Cover image for Archaic and classical Greek art
Archaic and classical Greek art
Osborne, Robin, 1957-
Personal Author:
Publication Information:
Oxford ; New York : Oxford University Press, 1998.
Physical Description:
vii, 270 pages : illustrations (some color), color maps ; 25 cm.
Geographic Term:

Format :


Call Number
Material Type
Home Location
Item Holds
N5630 .O83 1998 Adult Non-Fiction Non-Fiction Area

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This fascinating new account of what happened in Greece from c.800 to 323 bc shows how sculptors and painters responded to the challenges they faced in the extremely formidable and ambitious world of the Greek city-state. The numerous symbols and images employed by their eastern Mediterraneanneighbours on the one hand, and the explorations of what it was to be human embodied in the narratives with which Greek poets worked on the other, helped produce the rich diversity of forms apparent in Greek art. The drawings and sculptures of this period referred so intimately to the human form asto lead both ancient and modern theorists to talk in terms of the 'mimetic' role of art. The importance of what occurred still affects the way we see today. Ranging widely over the fields of sculpture, vase painting and the minor arts, this book provides a clear introduction to the art of archaic and classical Greece. By looking closely at the context in which and for which sculptures and paintings were produced, Robin Osborne demonstrates how artisticdevelopments were both a product of, and contributed to, the intensely competitive life of the Greek city. 'brilliantly illustrates the purpose of this new series by focusing on the social and political context of Greek art . . . a different approach suggesting new perspectives and original connections . . . eye-opening and thought-provoking' Professor Francois Lissarrague, Ecoles des Hautes Etudes en Sciences Sociales, Paris 'brings all that is best in the 'new' Classical art history to this exciting interpretation . . . No reader of Osborne's stimulating and engaging book will come away with their vision of Greek art unchanged' Jeremy Tanner, Institute of Archaeology, University of London

Author Notes

Robin Osborne is a Professor of Ancient History in the University of Oxford and Fellow and Tutor of Corpus Christi College.

Reviews 1

Library Journal Review

Traditionally, art books follow a chronological sequence that tracks developing styles in a particular period of art. When influences are mentioned, it is usually in the context of which artist influenced which. Yet just as art does not exist in a vacuum, neither does the artist, and the artist's relationship to his customer's needs and the changing demands of the marketplace are central. Osborne (ancient history, Oxford) breaks with tradition to study simultaneously the art of ancient Greece and the world in which it was produced. Artists working in the Greek city-states were inspired by trade goods from throughout the Mediterranean as well as by their rich literary tradition. Osborne discusses the development of art forms and art's role in defining humankind's relationship with itself, others, nature, and the gods. Roman art is usually thought of as beginning during the early republic and continuing through the third century A.D. to the reign of Constantine, the first Christian emperor. Elsner, a lecturer at the Courtauld Institute, takes a slightly different tack, combining the art of the late Roman Empire with that of the early Christian period. Rather than merely cataloging artifacts, Elsner, like Osborne, studies "how art both reflected and contributed to the social construction." These two entries in the "Oxford History of Art" series are, as usual, good, solid introductions to their topics. With a reasonable price, compact format, good maps and time lines, and uniformly clear illustrations, they will be standard texts for their subjects. Highly recommended for public and academic libraries.¬ĎMary Morgan Smith, Northland P. L., Pittsburgh (c) Copyright 2010. Library Journals LLC, a wholly owned subsidiary of Media Source, Inc. No redistribution permitted.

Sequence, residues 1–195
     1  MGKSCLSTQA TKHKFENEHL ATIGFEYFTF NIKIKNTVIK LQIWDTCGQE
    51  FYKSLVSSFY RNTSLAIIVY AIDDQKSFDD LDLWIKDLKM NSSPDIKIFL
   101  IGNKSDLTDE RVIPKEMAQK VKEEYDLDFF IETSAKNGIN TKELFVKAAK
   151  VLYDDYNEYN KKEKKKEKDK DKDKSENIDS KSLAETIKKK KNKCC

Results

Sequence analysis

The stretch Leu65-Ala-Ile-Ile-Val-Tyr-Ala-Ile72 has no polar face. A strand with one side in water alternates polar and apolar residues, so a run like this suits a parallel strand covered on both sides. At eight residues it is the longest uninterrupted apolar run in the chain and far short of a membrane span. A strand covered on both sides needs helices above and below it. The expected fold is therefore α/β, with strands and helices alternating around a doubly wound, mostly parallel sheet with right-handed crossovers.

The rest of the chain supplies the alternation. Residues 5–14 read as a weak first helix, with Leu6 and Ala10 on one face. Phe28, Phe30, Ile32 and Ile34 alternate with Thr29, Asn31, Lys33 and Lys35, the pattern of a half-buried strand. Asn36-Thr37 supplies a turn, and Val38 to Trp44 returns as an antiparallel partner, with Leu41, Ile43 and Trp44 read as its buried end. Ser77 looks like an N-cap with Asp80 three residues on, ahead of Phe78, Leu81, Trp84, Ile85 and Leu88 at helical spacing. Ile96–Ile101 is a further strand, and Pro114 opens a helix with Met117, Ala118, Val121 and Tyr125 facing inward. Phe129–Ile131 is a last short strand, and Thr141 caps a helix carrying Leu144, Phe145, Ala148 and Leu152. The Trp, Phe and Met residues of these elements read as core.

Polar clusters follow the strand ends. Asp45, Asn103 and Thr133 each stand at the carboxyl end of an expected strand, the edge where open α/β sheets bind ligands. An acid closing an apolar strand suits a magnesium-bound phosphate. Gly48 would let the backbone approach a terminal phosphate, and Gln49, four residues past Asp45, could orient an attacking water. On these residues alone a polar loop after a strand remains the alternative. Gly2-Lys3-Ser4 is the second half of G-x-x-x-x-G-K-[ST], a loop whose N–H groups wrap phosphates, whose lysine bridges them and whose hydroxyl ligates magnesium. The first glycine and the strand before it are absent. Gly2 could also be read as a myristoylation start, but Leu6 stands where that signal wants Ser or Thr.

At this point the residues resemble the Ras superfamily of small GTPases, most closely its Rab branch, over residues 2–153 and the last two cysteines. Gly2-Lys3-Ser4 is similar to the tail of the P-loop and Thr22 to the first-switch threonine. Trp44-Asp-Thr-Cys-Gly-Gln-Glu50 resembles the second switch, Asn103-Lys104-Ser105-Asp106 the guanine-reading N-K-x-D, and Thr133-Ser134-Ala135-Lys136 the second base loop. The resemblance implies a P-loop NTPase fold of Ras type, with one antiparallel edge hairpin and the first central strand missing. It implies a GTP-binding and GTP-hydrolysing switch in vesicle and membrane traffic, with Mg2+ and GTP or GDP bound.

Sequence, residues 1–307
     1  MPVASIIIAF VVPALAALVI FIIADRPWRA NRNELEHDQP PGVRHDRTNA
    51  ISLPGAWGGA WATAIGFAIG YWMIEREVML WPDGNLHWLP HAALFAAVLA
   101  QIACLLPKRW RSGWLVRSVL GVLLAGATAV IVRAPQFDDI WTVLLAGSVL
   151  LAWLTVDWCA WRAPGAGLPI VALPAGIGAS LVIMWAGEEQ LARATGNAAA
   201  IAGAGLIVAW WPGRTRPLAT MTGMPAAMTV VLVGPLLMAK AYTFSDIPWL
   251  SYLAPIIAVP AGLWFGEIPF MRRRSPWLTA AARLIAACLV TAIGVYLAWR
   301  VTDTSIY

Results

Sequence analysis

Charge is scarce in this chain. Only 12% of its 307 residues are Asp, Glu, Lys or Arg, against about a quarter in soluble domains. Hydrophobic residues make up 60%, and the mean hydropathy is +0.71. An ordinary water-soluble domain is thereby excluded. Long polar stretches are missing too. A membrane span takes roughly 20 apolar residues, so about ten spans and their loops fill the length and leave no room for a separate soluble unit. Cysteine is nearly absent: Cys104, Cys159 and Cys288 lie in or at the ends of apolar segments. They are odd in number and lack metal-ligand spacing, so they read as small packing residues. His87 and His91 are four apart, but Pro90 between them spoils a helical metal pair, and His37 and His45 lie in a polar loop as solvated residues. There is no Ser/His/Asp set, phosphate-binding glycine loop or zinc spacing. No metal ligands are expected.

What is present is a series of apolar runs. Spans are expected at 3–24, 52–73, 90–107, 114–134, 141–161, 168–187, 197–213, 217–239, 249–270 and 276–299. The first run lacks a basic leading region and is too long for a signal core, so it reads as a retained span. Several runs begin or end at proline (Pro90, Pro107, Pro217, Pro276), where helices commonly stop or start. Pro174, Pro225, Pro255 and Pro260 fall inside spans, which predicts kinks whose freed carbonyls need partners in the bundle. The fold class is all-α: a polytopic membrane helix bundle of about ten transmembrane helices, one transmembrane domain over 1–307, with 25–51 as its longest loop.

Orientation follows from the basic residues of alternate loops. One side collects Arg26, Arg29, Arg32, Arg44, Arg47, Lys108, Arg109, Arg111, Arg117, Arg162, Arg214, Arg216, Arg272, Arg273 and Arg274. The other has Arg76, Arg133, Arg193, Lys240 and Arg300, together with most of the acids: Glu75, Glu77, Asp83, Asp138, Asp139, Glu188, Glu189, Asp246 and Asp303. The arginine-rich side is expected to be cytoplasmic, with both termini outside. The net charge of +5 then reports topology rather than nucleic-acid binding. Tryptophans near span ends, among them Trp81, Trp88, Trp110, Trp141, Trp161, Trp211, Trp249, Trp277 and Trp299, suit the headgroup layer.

Table of Contents

Chapter 1 A History of Art Without Artists
The lost history of Greek art
The history of art at work
The status of art in classical Athens
Art and private life
Chapter 2 From Praying to Playing: Art in the Eighth Century BC
Modelling horses
Modelling men
The figure as a decorative element
Stories and statements
Chapter 3 Reflections in an Eastern Mirror
A fabulous invasion
Heads, bodies, and gods
Chapter 4 Myth as Measure
Myth and pathos: The Mykonos pithos
See myth and die: the Polyphemos amphora
Myth and ritual: the Hyperborean maidens
A revolution effected
Chapter 5 Life Enlarged
The art of revelation
Revealing gods, reviewing men, offering women
Chapter 6 Marketing an Image
Transforming a formula
The creation of the contemplative viewer
Colourful dramas outside Athens
Pot shapes
Chapter 7 Enter Politics
Politics enters the sanctuary
Death, politics, and the gymnasium
Chapter 8 Gay Abandon
Role-play and the body at the symposion
The invention of the red-figure technique
Bodies and flesh
Games with names
Virtuoso exhibits
The isolated image
Sex, drink, and the gods
Chapter 9 Cult, Politics, and Imperialism
From dissent to totalitarianism
Sexuality and the standing male
The body of private imagery
Opening the body's story
Closing the body's story
The violence of representation
Chapter 10 The Claims of the Dead
Grave offerings
Putting the dead body in its place
Art and the afterlife
Chapter 11 Individuals Within and Without the City
Breaking the classical mould
Facing suffering
Life stories
Portraits and power
Chapter 12 The Sensation of Art
Body language
The sensational artist
Chapter 13 Looking. Backwards
The agenda of revolution
The power of the Greek image
List of Illustrations
Bibliographic Essay